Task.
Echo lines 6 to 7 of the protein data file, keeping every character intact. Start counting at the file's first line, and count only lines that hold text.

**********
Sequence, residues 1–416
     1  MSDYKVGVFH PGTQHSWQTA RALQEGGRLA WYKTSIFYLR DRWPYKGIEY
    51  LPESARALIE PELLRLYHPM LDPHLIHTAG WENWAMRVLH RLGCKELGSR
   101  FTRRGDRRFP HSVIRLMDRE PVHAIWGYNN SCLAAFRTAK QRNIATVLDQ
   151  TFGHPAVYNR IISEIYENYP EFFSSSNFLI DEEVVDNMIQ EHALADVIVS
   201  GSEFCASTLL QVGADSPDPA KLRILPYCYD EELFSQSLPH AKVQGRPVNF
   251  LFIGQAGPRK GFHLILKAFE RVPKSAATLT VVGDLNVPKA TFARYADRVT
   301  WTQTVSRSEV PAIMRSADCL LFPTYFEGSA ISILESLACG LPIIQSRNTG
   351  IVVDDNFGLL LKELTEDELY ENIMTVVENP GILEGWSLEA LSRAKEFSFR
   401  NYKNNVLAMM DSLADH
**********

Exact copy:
   201  GSEFCASTLL QVGADSPDPA KLRILPYCYD EELFSQSLPH AKVQGRPVNF
   251  LFIGQAGPRK GFHLILKAFE RVPKSAATLT VVGDLNVPKA TFARYADRVT